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HOPLR, the social network for neighbours

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HOPLR, the social network for neighbours

A social network just for your neighbourhood

 Do you want to get to know your neighbours better, interact with them and find out everything that’s happening in your neighbourhood? HOPLR private network is to neighbours what Facebook is to the planet. But confidential and ad-free.

The private social network HOPLR was founded by four young entrepreneurs from Ghent in 2014, and it’s spreading like wildfire in Brussels and other Belgian cities. It aims to connect all the residents of the same neighbourhood.

 Everyone knows the social networks like Instagram, Facebook and Twitter. But did you know that there’s a 100 % Belgian network that now has over 150,000 users and hopes to reach 1 million during 2019? This private network is HOPLR – pronounced ‘hop-leur’ – created by four young entrepreneurs from Ghent in 2014 and whose main aim is to connect residents of the same neighbourhood, free of charge.

How do I join? Nothing could be simpler. All you need to do is register on the website either by indicating the confidential code that you received in the post, or otherwise by giving your postal address. This network is private, and only allows residents of the same area to interact. No-one has access for commercial or advertising purposes, or to send spam.

The aim? Mainly to connect citizens. Not only does the platform allow neighbours to get to know each other better, it also allows them to exchange services and objects, announce activities, launch initiatives, publish adverts, indicate problems with the roads or security, find lost pets, ask for help, organise neighbourhood celebrations… And even help to manage the neighbourhood.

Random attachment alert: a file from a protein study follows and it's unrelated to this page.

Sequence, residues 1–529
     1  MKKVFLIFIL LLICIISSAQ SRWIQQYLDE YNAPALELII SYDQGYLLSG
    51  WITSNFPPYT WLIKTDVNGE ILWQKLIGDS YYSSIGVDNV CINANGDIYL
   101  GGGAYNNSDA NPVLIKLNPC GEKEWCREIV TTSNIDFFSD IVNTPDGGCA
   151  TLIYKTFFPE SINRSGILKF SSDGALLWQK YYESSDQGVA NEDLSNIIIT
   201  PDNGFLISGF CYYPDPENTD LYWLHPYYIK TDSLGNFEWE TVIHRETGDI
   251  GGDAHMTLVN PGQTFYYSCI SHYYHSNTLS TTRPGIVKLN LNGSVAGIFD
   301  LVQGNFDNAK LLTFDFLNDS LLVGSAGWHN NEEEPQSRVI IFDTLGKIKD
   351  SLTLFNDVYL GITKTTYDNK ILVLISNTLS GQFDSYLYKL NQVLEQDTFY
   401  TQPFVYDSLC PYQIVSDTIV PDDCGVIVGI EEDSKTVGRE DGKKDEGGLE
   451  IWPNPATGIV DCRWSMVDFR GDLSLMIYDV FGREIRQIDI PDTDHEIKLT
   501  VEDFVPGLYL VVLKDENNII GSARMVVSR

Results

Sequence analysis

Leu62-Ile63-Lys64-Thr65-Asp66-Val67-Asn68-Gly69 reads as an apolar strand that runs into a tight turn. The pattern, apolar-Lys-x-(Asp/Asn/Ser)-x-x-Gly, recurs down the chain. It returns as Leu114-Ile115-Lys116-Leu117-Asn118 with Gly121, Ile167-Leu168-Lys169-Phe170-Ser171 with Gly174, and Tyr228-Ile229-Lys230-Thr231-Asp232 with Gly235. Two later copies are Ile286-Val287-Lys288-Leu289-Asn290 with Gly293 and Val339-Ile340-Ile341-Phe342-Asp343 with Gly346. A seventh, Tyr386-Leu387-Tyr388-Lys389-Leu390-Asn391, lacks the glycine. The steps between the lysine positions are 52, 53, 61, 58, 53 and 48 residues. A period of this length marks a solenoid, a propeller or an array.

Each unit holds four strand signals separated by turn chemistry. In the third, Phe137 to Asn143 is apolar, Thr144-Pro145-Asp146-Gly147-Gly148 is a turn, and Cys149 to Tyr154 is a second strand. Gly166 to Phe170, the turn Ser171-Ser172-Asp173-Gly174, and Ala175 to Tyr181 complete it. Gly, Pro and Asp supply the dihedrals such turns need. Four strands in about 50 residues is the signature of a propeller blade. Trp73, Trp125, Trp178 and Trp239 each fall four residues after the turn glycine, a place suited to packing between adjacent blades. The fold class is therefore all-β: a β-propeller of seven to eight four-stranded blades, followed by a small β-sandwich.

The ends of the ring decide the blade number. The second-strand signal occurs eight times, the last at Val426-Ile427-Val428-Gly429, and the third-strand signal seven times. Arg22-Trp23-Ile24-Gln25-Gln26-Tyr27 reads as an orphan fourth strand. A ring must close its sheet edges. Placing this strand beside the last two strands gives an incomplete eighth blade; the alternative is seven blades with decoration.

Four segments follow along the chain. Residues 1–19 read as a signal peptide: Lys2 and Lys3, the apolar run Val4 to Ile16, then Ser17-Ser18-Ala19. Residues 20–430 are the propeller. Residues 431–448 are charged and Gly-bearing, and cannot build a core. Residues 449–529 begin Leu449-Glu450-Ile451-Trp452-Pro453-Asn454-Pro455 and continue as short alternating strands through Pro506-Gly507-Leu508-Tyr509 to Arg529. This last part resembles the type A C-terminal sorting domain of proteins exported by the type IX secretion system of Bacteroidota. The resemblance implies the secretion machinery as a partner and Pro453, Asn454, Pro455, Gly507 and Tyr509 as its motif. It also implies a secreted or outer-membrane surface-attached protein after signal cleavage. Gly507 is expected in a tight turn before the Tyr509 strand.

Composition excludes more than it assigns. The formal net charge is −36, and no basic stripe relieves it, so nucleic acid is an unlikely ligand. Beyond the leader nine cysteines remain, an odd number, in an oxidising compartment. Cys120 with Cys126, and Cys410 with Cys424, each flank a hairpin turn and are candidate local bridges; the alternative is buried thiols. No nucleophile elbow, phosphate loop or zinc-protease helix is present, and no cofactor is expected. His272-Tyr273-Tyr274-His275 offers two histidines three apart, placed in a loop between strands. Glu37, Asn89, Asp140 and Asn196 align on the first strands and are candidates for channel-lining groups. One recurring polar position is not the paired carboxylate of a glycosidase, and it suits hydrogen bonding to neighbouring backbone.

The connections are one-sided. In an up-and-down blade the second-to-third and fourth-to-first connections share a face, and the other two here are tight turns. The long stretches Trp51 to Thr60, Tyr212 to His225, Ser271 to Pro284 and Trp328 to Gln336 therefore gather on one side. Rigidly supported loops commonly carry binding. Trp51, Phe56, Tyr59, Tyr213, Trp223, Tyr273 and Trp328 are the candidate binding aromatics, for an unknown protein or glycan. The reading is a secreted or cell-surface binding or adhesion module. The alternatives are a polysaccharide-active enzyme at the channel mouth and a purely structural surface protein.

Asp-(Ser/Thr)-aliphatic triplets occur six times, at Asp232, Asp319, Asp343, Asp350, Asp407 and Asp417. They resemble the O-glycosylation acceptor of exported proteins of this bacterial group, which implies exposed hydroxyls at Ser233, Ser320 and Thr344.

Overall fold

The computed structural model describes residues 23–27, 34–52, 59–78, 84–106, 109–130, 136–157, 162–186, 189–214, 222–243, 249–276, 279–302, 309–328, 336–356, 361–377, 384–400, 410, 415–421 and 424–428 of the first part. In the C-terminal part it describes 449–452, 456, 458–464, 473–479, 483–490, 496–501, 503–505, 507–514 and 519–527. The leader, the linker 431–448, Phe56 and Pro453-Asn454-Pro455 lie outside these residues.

Because private individuals are not the only ones who use HOPLR: local government and providers of local public services can also use it to communicate information, send warning messages, launch projects or announce events. But they don’t have access to the messages and information that residents send each other. These remain private and protected. To date, around thirty public services have joined the network.

‘Municipalities use them for example to warn residents about a power cut, works that will cause disruptions, a change of date in the rubbish collection, or other purely local information’ explains Gaëlle Poncelet, manager of the French-language development of the network, in an interview with the RTBF. After starting out in several cities in Flanders like Ghent and Antwerp, HOPLR rapidly expanded to Brussels, where over 150 neighbourhoods are already represented, and it has now conquered Wallonia but also the Netherlands.

As well as being accessible online, the network is of course available on smartphones and tablets too. All you need to do is download the free HOPLR app on Google Play or the App Store.

Want to find out all there is to know about your neighbourhood? Connect to your neighbours directly with HOPLR.

 

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